Dropbox was an incredibly novel idea — back in 2009. The concept of the cloud hadn’t quite broken into public consciousness yet and smartphones hadn’t reached its omnipresence. Explaining Dropbox to somone on the street in 2009 would’ve been met with confusion, misunderstanding, or disregard.
So Dropbox took a chance.
Rather than add lengthy explainers or detailed product descriptions to their marketing site, they changed the game for marketing consumer products on the web. Dropbox partnered with video studio Common Craft to make a 2-minute explainer video that cost them $50,000. They wiped the homepage slate clean to show only the explainer video and a download button.
Upon putting up the video, Dropbox’s conversion rate jumped up by 10%, resulting in 5 million new customers and $24 million in revenue. With over 25 million views today, the video played a huge role in getting Dropbox to 100 million users by 2012, with $0 advertising spend.
Video is one of the most effective ways to engage people — and not just as a way to drive product signups. Combine video with email, and you have a powerful engagement system on your hands, especially for user onboarding to educate, engage, and ultimately win happy customers.
Let’s dig into 3 reasons why video works so well in emails and the tactics you’ll need to incorporate video into your own campaigns.
If you turn your Econ 101 textbook to the first page, you’ll find a definition of homo economicus: the economic man. It’s an old-school way to understand why people make the choices they do. This character is rational, self-interested, and thinks purely in terms of maximizing his utility. Nothing will persuade him except his own economic gain.
And as any marketer knows, that’s a totally unrealistic model.
Sure, we all value utility and economic gain, but we also chase rainbows, windmills, waterfalls, and that last cookie in the jar. Assuming that we’re 100% rational and self-interested is a myopic view of what actually motivates people. If your email marketing campaign is governed by this principle, you’re operating from an expired field guide.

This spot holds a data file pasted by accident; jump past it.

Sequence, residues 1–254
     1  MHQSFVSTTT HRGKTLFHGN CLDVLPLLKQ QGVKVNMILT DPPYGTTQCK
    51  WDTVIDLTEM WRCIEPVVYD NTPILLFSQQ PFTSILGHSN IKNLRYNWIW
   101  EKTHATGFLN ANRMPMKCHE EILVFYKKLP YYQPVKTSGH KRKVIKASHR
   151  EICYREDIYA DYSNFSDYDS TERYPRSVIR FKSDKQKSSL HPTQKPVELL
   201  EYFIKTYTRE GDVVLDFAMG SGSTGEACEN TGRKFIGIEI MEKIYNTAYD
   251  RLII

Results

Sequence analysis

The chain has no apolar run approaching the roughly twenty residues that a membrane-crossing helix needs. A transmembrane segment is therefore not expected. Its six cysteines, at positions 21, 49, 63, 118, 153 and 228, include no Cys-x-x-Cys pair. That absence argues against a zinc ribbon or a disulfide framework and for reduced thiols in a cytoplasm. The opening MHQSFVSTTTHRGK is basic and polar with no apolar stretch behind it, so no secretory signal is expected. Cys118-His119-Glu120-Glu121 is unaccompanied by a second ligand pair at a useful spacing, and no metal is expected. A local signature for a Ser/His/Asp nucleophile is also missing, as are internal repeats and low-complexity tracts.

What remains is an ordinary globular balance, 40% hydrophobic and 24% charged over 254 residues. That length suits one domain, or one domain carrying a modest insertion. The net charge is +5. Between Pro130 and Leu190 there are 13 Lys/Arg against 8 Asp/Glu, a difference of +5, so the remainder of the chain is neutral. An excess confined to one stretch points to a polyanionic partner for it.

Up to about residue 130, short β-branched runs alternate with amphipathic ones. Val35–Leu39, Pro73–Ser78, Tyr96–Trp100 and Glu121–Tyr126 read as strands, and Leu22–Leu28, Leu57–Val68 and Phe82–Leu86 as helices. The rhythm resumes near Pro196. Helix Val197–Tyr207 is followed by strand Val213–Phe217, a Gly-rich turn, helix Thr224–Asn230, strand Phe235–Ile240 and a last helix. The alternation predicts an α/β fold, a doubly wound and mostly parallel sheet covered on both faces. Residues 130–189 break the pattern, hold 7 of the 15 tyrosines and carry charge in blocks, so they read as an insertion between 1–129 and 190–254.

You need to bring more to the table than a good product or a good deal. You need to persuade people to come and stay at your table in the first place.
What follows is our collection of 5 motivational principles to help make you a powerful communicator, no matter what message you’re trying to get across. We’ll dive into why these principles are effective and explore lots of ways you can apply them in your emails.
The webinar is the marketer’s party. Okay, these learning and lead-generation gatherings probably aren’t as fun without the punch bowl and perfect playlist — but at the planning stages, there’s the same fear. What if nobody shows up?
For webinars (and, presumably, parties) — it all comes down to the invitation.
Email is simply the most effective channel for promoting webinars. 2012 data from BrightTALK show 58-64% of people attending thanks to email and direct invitations. The 2013 ON24 Webinar Benchmark Report states that 80% of registrations come from a combination of email and site promotions.
Your webinar invitations also deserve their own emails. Justine Jordan, VP of Marketing at Litmus, advises that you go beyond tacking on promotional mentions on regularly scheduled marketing messages:
[S]end a stand-alone email! We used to send newsletters with webinar registration links inside, but have found that sending dedicated emails for each webinar results in many more registrations.
Georgiana Laudi, VP of Marketing at Unbounce, also reports: “70% of all our webinar registrations come via our invitation emails.” For our own upcoming welcome email webinar, we can thank our dedicated invitation emails for 76% of registrants so far.
That’s all to say — your invitation emails are vital to a successful webinar! Let’s look at how to make them super effective to bring more people to your web party.
Churn is a SaaS company killer. With 5% churn monthly, you’re losing half of your customers every year. That means you need to bring in half the number of the customers you have every year just to stay flat.
At iDoneThis, the easiest way to run a remote daily standup, our churn could get as high as 10% on a monthly basis! That made growth extremely challenging, and we knew we had to cut it down significantly.
After months of hard work, we were able to reduce our churn to 3%, about a third of what it was at its peak. That’s still too high, but putting a dent in that dreaded rate made all aspects of running the company feel easier.
Here’s how we did it.
Ever feel that tiny emotional tingle, that little rush, of getting a notification on your phone for a new message, an Instagram favorite, a Facebook tag?
If you’ve been a long-time Facebook user, you might’ve felt the buzz from Meenal Balar’s work firsthand. Meenal was a growth manager at Facebook from 2009 to 2014 during the company’s stage of massive global growth — and her job was to get everyone, everywhere using Facebook every day.
While email and mobile push notifications were foundational to Facebook’s engagement, Meenal’s team quickly learned that the deluge of social activity triggered notifications that had worked so well early on started to wear off. And when notifications don’t seem helpful, impactful, or delightful, they feel spammy, leading to opt-outs, unsubscribes, and even the dreaded churn.